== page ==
This automatically dispenses sterilized masks without a button to reduce risk of contamination, so you can stay safe.

Introduction: Arduino Mask Dispenser With Sterilization Chamber

First, this is meant for small to medium applications, not Costco-sized usage.

This dispenser sterilizes your masks on the platform, so to speak, and uses gravity combined with servos. It has a mask cartridge in the back that refills the mask platform.

Supplies:

3 UV-C LEDs or 1 UV-C light bulb - I got expensive special edition LEDs -- if you can't find any, hack a UV-C wand or use a relay module and a UV-C light bulb - (just ditch -or hack- the lamp holder). Just make sure the chosen light bulb or LED is under 270 NM.

Arduino Uno

ProtoShield

Mini solderless breadboard

White paint

HC-SR04 ultrasonic sensor

Jumper wires

Female to male jumper wires

2 servos

Power Switch Tail

A tall, long box like the one in the picture - use whatever will work for you, but try to keep it as close to the picture as possible (except the bulb vs LEDs).

Cardboard - lots of it too

Reflective Tape - you can use any kind. I'll refer to it from now on as just "tape"

1 leftover food container that is medium sized for the Arduino

1 leftover food container that is smaller for the servo equipment

Tools:

Rotary Tool

Utility Knife

Paintbrush

Hot glue gun and glue

A drill, or a rotary tool drill attachment

Step 1: Explanation

Here's how this device works (the lights are always on)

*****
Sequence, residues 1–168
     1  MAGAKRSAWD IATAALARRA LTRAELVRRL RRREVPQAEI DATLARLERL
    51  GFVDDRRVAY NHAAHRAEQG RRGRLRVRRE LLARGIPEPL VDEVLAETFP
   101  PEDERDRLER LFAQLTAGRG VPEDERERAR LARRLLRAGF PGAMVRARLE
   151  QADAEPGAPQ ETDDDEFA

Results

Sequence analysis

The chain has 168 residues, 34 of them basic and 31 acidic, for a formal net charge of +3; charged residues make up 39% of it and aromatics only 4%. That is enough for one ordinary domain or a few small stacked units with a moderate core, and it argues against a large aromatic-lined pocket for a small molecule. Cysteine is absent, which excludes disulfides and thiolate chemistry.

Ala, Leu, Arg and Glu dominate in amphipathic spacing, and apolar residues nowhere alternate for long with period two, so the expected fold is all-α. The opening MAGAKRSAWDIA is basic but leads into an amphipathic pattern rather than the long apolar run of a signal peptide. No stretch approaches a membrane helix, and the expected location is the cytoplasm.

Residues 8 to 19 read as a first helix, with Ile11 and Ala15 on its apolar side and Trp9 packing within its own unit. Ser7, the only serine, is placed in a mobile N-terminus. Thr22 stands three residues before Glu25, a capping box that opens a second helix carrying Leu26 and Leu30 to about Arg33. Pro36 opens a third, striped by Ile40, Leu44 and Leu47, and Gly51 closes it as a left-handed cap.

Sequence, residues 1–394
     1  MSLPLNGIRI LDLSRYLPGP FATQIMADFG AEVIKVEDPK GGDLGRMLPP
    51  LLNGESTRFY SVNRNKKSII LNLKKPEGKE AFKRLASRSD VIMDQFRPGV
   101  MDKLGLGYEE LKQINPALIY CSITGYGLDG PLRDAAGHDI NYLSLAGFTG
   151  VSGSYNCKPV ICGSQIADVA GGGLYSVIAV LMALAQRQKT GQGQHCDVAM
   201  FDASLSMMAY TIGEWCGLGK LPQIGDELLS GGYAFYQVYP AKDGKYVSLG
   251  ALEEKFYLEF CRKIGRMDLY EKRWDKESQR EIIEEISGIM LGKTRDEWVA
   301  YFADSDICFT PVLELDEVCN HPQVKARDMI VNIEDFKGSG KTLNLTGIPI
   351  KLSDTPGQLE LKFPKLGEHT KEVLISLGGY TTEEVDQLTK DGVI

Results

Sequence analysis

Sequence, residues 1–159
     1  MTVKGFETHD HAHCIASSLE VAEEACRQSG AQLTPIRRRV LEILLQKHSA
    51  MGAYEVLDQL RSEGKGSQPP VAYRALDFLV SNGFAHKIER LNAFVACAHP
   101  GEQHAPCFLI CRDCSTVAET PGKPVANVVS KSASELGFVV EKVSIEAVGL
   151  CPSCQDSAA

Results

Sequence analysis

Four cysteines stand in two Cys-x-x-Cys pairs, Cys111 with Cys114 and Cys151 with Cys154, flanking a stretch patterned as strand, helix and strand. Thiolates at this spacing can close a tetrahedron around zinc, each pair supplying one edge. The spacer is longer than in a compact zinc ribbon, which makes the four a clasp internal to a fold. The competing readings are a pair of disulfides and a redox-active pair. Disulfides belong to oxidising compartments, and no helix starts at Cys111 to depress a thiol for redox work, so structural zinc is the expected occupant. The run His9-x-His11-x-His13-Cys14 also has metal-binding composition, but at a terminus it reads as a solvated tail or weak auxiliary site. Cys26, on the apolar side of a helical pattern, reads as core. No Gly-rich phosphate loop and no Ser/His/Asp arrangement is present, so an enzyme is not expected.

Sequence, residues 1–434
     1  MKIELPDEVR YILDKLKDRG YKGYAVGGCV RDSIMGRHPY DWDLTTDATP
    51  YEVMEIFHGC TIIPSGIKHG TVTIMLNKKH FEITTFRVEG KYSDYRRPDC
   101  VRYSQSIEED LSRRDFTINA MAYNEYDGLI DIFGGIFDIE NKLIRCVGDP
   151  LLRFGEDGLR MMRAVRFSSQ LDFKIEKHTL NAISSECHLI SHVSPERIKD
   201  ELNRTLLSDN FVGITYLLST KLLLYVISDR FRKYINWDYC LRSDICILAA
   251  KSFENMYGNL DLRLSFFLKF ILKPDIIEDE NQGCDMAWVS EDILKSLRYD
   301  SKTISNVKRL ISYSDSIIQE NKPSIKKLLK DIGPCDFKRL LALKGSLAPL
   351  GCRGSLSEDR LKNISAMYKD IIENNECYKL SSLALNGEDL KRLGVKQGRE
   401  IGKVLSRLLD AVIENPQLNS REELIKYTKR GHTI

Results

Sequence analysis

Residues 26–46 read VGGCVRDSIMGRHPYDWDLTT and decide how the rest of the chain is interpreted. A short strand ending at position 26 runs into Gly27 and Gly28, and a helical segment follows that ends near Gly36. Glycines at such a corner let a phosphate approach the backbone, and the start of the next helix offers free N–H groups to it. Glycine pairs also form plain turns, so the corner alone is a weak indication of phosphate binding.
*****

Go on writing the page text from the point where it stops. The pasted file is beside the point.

That's it!

Step 2: Container Creation

First, prep the platform. Cut a piece of cardboard at least as long as your box, and almost as wide.

Then, cover it completely in tape. Then, cover the inside of the main container completely with tape as well. After doing that, cover the outside of the main container with white paint. For touch-ups, use a smaller paintbrush. Cut a thin, rectangular hole in the back of the main container, like the one in the picture, with your rotary tool and thread the tape covered cardboard through, but don't glue it yet.

Drill a hole in the back of the top part of the container for the cartridge servo connector.

Step 3: Arduino Container

At the end, your finished product should look like the CAD drawing above, with the front box on the top being your Arduino and the back box on the top being your servo for the cartridge. The cartridge is not shown. The first servo, the sensor, and the UV-C light will be inside the main, rectangular container. We have just made the front box, housing the Arduino.

Get your medium container and cover its outside with white paint. Then, take the lid of the container and drill a hole on one side, large enough to fit four F/M jumper wires side by side. This hole is for the ultrasonic sensor, to give you an idea of the size of the hole.

Drill a hole in the center large enough for a servo connector and 3 F/M jumper wires.

Drill a hole beside the first servo hole for the second servo connector.

Last, drill a hole in the opposite side from the ultrasonic sensor hole. This hole is for the UV-C light, whatever you may use as one.

Now, drill these same holes, except for the second servo hole, in this same alignment, on the top of the main container.

At the end, your finished product should look like the CAD drawing in Schematics, with the front box on the top being your Arduino and the back box on the top being your servo for the cartridge. The cartridge is not shown. The first servo, the sensor, and the UV-C light will be inside the main, rectangular container. We have just made the front box, housing the Arduino.

Step 4: Building the Circuit

Wait to wire it up until Step 6.

The circuit is the first picture above. I know it's a little hard to decipher, so I am writing out the connections right here:

Ultrasonic Sensor:

trig = 6

echo = 5